your own letter is written. Note on the copy which you retain the time of delivery, and to whom delivered. Receive their answer in writing, waiting a reasonable time for it, and which, if it contain their decision to come through, without further condition, will be your warrant to ask General Ord to pass them through, as directed in the letter of the Secretary of War to him. If, by their answer, they decline to come, or propose other terms, do not have them passed through. And this being your whole duty, return and report to me.
CITY POINT, VA., February 1, 1865.
Messrs. ALEX H. STEPHENS, J. A. CAMPBELL, and R. M. T. HUNTER:
GENTLEMEN: I am instructed by the Preside to of the United States t place this paper in your hands, with the information that, if you pass through the United State military lines, it will be understood that you do so for the purpose of an informal conference, on the basis of the letter, a copy of which is on the reverse side of this sheet, and that, if you choose to pass on such understanding, and so notify men in writing, I will procure the commanding general to pass you through the lines and to Fortress Monroe, under such military precautions as he may deem prudent, and at which place you will be met in due time by some person, or persons, for the purpose of such informal conference; and, further, that you shall have protection, safe conduct, and safe return in all events.
THOMAS T. ECKERT,
Major and Aide-de-Camp.
WASHINGTON, January 18, 1865.
F. P. BLAIR, Edq.:
SIR: Your having shown me Mr. Davis' letter to you of the 12th instant, you may say to him that I have constantly been, am now, and shall continue ready to receive any agent whom he, or any other influential person now resisting the national authority, may informally send to me with the view of securing peace to the people of our one common country.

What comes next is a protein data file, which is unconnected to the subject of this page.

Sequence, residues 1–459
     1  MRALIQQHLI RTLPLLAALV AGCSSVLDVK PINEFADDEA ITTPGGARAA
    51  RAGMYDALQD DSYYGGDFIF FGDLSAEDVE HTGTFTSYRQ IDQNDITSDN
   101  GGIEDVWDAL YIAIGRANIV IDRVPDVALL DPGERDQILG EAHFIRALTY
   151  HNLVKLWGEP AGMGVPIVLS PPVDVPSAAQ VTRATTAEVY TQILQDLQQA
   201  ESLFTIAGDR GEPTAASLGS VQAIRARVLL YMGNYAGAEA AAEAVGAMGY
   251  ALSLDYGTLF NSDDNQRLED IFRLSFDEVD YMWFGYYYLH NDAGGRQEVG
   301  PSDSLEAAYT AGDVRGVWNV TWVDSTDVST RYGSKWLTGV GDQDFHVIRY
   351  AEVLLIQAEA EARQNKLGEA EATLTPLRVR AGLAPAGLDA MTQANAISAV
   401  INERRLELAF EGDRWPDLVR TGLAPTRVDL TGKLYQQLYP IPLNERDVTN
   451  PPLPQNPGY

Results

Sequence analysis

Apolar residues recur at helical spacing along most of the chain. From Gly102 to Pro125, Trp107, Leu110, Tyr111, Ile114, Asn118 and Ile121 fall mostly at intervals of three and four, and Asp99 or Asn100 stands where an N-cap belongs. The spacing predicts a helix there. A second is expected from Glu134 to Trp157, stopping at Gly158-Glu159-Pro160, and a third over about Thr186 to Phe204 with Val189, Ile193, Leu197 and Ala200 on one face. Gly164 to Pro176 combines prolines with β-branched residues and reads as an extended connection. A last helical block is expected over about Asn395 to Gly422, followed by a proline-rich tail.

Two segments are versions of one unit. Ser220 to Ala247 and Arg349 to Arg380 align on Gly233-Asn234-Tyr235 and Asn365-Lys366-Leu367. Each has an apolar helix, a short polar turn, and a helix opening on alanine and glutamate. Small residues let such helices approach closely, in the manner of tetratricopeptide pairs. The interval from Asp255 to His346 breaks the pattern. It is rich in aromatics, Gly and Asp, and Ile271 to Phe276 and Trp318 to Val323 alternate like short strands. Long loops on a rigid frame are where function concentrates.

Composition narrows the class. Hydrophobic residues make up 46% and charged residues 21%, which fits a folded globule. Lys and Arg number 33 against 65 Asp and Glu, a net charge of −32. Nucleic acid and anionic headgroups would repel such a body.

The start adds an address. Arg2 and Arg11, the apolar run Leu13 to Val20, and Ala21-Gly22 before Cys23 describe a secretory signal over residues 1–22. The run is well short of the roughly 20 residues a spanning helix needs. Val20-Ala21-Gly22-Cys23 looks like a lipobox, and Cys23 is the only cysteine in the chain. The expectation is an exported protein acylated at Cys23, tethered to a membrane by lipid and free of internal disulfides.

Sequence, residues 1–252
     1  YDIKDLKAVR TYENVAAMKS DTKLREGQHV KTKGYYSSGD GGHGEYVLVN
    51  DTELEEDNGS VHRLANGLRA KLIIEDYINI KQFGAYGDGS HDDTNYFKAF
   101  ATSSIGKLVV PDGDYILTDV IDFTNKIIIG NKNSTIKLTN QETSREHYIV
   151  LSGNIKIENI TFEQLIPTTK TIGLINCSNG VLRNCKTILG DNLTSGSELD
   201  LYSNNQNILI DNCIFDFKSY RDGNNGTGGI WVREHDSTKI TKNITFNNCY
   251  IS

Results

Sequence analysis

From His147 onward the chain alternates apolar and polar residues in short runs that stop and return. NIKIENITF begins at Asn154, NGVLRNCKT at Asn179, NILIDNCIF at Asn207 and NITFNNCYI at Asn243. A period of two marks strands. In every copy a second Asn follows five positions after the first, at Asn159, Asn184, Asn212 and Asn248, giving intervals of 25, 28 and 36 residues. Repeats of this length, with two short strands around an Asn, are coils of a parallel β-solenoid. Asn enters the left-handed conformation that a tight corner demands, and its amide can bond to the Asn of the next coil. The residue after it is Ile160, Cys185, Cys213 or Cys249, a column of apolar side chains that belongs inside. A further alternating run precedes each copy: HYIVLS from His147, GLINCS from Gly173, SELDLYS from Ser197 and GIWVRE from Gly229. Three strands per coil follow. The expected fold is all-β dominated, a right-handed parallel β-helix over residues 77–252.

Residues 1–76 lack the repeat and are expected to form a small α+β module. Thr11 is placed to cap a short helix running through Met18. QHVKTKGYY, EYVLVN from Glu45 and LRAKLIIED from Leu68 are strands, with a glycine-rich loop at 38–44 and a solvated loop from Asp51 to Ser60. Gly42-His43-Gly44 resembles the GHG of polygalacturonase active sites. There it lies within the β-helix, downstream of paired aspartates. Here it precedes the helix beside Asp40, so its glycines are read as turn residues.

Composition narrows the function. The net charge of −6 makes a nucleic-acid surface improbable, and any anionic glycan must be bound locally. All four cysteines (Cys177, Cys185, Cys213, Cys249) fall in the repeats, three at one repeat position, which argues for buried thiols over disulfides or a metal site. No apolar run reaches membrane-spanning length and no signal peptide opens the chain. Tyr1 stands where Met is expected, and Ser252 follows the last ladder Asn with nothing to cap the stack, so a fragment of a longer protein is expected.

Afterward, but before Major Eckert had departed, the following dispatch was received from General Grant:
OFFICE OF U. S. MILITARY TELEGRAPH, WAR DEPARTMENT,
The following telegram received at Washington, January 31, 1865, from City Point, Va., 10.30 a. m. January 30, 1865:
"His Excellency ABRAHAM LINCOLN,
"President of the United States:
"The following communication was received here last evening:
PETERSBURG, VA., January 30, 1865.
'Lieutenant General U. S. GRANT,
'Commanding Armies of the United States:
'SIR: We desire to pass your lines under safe conduct, and to proceed to Washington to hold a conference with President Lincoln upon the subject of the existing war, and with a view of ascertaining upon what terms it may be terminated, in pursuance of the course indicated by him in his letter to Mr. Blair of January 18, 1865, of which we presume you have a copy; and if not, we wish to see you in person, if convenient, and to confer with your upon the subject.
'Very respectfully, yours,
'ALEXANDER H. STEPHENS.
'J. A. CAMPBELL.
'R. M. T. HUNTER.
"I have sent directions to receive these gentlemen, and expect to have them at my quarters this evening awaiting your instructions.
"U. S. GRANT,
"Lieutenant-General, Commanding Armies of the United States."